Fishermen cannot respect preventive measures, such as the safety distance between employees. The boats are small and in most of them there are between 5 and 15 sailors. In addition, the task of the trade also makes separation between them impossible. “The work is concentrated on the stern of the ship. We pass the boxes to each other and we choose the fish together. There is no other way to do it », explains Andreu Domènech, owner of a trawler. With the humidity and the sea water, the masks end up deteriorating and the gloves break when they touch the net. "There are sailors who are afraid and do not want to risk getting infected. We understand it », adds Domènech.
Source: / EuropaAzul Read the full articlehere(Spanish)
WITH air travel bans in place, salmon farming companies in Norway are finding alternative ways of getting their product to market.
And one option has been to use passenger aircraft devoid of passengers, but which are equipped with cargo carrying holds and pallets, even if it means charging extra for salmon to cover the extra costs.
In normal times, salmon is often flown in the cargo compartments of passenger planes, for example, from Oslo to the US and Asia and from Heathrow to global markets.
According to the Oslo financial journal Finansavisen, the ploy to use empty aircraft has been adopted by Firda Seafood, one of the country’s largest salmon producers, with a turnover of more than a billion kroner.
Its founder and CEO, Ola Braanaas, told Finansavisen: ‘Yes, it does involve extra costs, but at the same time the market wants fish.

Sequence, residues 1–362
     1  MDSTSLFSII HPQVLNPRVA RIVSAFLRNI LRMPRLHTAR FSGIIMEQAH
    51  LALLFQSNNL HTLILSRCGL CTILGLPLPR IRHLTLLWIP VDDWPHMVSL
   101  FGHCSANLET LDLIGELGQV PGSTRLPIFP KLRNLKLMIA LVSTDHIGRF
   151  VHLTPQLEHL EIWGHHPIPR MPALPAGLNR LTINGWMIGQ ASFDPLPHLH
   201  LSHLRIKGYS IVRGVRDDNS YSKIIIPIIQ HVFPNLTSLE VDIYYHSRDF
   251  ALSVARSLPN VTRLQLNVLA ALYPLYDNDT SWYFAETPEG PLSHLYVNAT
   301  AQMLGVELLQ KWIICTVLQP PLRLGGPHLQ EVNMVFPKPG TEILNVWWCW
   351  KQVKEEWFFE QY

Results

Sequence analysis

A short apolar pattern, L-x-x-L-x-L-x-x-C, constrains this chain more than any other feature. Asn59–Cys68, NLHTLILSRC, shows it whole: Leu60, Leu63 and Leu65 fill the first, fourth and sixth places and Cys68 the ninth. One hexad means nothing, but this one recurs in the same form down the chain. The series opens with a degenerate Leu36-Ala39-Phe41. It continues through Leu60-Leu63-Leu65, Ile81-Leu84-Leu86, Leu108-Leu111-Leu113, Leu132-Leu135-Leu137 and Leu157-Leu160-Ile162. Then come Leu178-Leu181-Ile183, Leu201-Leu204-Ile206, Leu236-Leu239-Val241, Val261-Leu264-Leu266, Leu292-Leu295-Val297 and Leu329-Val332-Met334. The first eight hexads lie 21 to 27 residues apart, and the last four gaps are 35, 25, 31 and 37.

‘Our impression is that customers are prepared to accept a price increase, as long as we (the producers) share some of the added costs involved using this method.’
Author: Vince McDonagh | Read the full articlehere
Seafood producers in Norway, spanning both the wild-capture fisheries and aquaculture sectors, will strive to maintain supplies to domestic and overseas markets, with borders and air freight routes remaining open for the transport of goods, the country’s government has said.
Norway has taken drastic steps to halt the spread of COVID-19, with schools, cinemas, restaurants and bars told to close and citizens encouraged to stay at home as much as possible. However, the Norwegian Ministry of Trade, Industry, and Fisheries issued a formal letter on 14 March identifying the value chain supporting food production and delivery as critical functions to society.
Being classified as a critical societal function means the Norwegian seafood industry will aim to keep operations running. As such, the seafood sector will continue to have access to childcare, while the transport industry is exempt from some of the strictest quarantine regulations for personnel to ensure the flow of goods across borders.
“The Norwegian seafood industry plays a very important role in the food supply chain, not only in Norway, but across the world. In these difficult times it is important to keep society going, and ensure that everyone has access to healthy and nutritious foods,” the newly-appointed Minister of Fisheries and Seafood Odd Emil Ingebrigtsen said.
Author: Jason Holland / SeafoodSource | Read the full article here
All three of Brim’s fresher trawlers have landed full trips over the last week, with around 600 tonnes of fish delivered to the company’s Norðurgarður processing plant in Reykjavík.
Brim’s trawler fleet manager Birkir Hrannar Hjálmarsson said that Viðey, skippered by Jóhannes Ellert Eiríksson, was the first, docking a week ago with 603 tubs containing roughly 200 tonnes of mixed fish.
The following morning Helga María was alongside with 655 tubs and a similar volume of fish landed by skipper Heimir Guðbjörnsson and his crew. The third landing was Akurey with 200 tonnes in 603 tubs. These were all capacity trips.
‘Fishing has been very good these last few weeks and we’ve had around a month of acceptable weather and decent catches,’ said Akurey’s skipper Eiríkur Jónsson.?He commented that the trawlers have been keeping to the southern fishing grounds, and fishing has been good enough for them to be able to fill up in around four days instead of the five expected for each trip.
Author: Quentin Bates/FiskerForum | Read the full articlehere